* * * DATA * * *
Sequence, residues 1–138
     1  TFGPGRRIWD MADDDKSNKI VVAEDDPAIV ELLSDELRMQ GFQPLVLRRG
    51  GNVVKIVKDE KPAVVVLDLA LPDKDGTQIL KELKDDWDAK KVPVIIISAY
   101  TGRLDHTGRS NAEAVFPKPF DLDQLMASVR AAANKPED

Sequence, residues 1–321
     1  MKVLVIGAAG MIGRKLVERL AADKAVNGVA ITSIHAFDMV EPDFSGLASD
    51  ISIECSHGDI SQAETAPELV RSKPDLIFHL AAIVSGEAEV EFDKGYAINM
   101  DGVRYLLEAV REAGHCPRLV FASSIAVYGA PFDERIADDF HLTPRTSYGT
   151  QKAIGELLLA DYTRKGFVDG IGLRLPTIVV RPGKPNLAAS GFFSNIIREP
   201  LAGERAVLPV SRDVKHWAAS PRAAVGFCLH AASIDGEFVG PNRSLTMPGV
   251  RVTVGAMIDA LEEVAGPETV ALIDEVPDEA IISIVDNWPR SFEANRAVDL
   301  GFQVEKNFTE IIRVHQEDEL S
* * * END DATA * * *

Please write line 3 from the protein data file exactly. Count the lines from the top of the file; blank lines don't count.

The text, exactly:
    51  GNVVKIVKDE KPAVVVLDLA LPDKDGTQIL KELKDDWDAK KVPVIIISAY